But really it’s what’s under the shell that has everyone talking about the Moto G and for good reason. The Moto G is powered by a Qualcomm Snapdragon 400 CPU with a quad-core Cortex-A7 chip clocked at 1.2GHz, not mind-blowing but very impressive for the price, and packs a respectable 1GB of memory. Navigating menus and using less processor-intensive features were as slick as you’d expect, even coping admirably when switching between apps rapidly with no visible latency. Though you wouldn’t expect a supposedly budget device to be much good for gaming, its Adreno 305 graphics chip is shared by a number of mid-range phones and, combined with the decent frame rate enabled by the CPU, makes the Moto G a competent gaming device.

It comes with comparatively meagre 8GB storage capacity, though a 16GB model is available for an extra £25, and there’s no way of supplementing that with an SD card. It also lacks 4G connectivity, which may be a dealbreaker in the US and some other countries but isn’t really a problem if you’re in the UK and live outside the major cities.

The Moto G flaunts a crisp 720p screen, matching that of yesteryear’s mid-range phones like the Nexus 4 and Galaxy S3, and plays HD video with incredible sharpness. My only complaint is that the LCD display lacks the colour richness you’d get with an AMOLED screen, giving videos a slightly washed-out appearance. The rear camera is perfectly serviceable and about what you’d expect for this price bracket. It won’t win any awards, but it’s decent enough for the casual photographer and is run on Motorola’s own software featuring a varied but straightforward menu of settings to control photo quality.

None of this comes at the expense of draining the phone’s power source either, since the 2,070 mAh battery is a stalwart companion in keeping the Moto G running. With Android’s built in battery saver systems, I was able to eke out a good 36 hours of life with moderate use and even a little over 12 hours when I was hammering it with updates, games and music streaming. Given the hardware it has to support, Motorola might have rendered the Moto G almost unusable if they’d skimped on the battery, so it’s encouraging to see thought went into even these minute details.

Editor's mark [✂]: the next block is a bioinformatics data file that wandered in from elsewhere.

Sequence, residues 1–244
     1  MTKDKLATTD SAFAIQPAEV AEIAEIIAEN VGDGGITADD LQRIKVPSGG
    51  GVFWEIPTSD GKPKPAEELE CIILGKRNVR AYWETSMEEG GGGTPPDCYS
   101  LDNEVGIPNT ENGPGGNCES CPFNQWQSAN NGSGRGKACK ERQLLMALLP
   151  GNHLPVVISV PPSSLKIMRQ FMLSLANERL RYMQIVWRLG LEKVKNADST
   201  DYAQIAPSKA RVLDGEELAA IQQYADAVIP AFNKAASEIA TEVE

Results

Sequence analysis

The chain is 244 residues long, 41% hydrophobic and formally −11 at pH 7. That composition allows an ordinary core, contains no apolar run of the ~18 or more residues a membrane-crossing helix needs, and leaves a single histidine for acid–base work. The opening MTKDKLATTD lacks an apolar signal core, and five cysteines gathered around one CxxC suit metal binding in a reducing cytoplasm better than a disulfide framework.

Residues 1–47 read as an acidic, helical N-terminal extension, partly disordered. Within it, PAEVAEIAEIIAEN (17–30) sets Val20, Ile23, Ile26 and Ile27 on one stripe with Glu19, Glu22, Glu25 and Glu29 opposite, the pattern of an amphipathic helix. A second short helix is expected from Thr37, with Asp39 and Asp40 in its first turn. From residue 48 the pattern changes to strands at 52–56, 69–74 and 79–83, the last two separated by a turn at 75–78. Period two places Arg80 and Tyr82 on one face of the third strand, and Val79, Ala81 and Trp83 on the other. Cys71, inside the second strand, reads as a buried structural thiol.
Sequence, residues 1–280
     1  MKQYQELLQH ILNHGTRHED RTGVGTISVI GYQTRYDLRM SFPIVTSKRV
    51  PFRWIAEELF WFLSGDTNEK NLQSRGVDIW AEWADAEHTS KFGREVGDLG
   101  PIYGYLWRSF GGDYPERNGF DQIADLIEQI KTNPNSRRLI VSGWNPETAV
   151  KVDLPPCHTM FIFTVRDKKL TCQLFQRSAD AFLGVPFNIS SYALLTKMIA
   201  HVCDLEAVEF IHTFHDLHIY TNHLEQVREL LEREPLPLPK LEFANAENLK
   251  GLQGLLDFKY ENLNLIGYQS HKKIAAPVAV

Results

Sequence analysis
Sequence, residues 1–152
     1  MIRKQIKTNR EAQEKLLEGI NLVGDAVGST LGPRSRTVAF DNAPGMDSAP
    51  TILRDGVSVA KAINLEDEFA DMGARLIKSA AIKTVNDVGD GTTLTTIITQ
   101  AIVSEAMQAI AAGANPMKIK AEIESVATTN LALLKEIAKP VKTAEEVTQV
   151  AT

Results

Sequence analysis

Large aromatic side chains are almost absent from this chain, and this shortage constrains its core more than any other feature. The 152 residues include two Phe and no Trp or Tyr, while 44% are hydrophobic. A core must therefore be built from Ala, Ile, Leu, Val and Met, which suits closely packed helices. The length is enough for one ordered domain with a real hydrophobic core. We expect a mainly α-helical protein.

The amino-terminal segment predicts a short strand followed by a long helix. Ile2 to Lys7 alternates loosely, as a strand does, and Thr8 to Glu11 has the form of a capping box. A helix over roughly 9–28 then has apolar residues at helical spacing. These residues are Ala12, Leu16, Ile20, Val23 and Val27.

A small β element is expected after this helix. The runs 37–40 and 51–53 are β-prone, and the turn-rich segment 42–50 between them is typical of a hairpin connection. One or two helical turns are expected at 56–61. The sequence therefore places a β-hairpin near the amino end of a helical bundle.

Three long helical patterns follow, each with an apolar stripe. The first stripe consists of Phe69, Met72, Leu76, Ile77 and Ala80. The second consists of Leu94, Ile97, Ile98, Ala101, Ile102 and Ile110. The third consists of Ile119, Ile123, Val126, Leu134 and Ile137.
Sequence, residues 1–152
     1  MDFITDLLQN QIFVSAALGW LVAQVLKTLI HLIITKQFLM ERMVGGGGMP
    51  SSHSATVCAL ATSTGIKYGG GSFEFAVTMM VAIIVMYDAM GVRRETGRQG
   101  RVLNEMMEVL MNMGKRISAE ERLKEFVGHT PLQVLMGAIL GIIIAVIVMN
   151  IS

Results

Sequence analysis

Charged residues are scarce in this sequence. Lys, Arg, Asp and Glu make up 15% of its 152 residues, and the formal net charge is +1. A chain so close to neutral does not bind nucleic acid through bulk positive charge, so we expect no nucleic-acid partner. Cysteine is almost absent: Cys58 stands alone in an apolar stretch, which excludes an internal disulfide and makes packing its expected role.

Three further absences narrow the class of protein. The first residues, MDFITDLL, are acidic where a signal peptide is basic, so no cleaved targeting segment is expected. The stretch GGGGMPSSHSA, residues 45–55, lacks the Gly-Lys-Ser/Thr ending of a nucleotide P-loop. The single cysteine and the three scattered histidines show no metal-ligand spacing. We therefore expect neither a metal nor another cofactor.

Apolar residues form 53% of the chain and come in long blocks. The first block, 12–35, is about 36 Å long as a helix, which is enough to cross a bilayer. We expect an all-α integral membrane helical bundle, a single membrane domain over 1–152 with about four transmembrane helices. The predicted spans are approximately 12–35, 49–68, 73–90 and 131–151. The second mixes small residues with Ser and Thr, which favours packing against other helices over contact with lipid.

Android KitKat

At the moment, the Moto G comes running the slightly older Android 4.3 Jelly Bean but is slated to receive an update in January to the latest version (KitKat), with reports this has already begun rolling out for certain devices. Whilst the Android OS itself hasn’t undergone much alteration, Motorola has thrown in a ‘Migrate’ app that streamlines the process of copying the data on your old handset over to the Moto G (assuming it was also an Android). There’s also ‘Assist’, a somewhat over-auspiciously named app that simply lets you set times for your phone to fall silent automatically, such as during meetings or at night.

Along with the normal selection of apps for Google’s services pre-installed on the phone, you’ll be invited to enable ‘Google Now’ on first startup. This is effectively a system to deliver time and location-sensitive information to your phone’s notifications window automatically, such as traffic conditions for your commute home, weather and nearby restaurants. It’s an nice idea but I found it lacking in customisation, since it’s almost entirely automated rather than letting you adjust when certain notifications arrive. Eventually I just switched it off.


The Moto G is a great device all-round and almost indistinguishable in performance from a mid-range handset costing upwards of £100 more. It’s not without compromises, but clearly Motorola has taken pains to ensure these were done strategically: saving money in specialist areas, like the camera and case design, and putting it into improving the experience for a general user. It’s received rave reviews elsewhere and I think you can fairly predict that it’s going to be a game-changer in the budget mobile arena for 2014.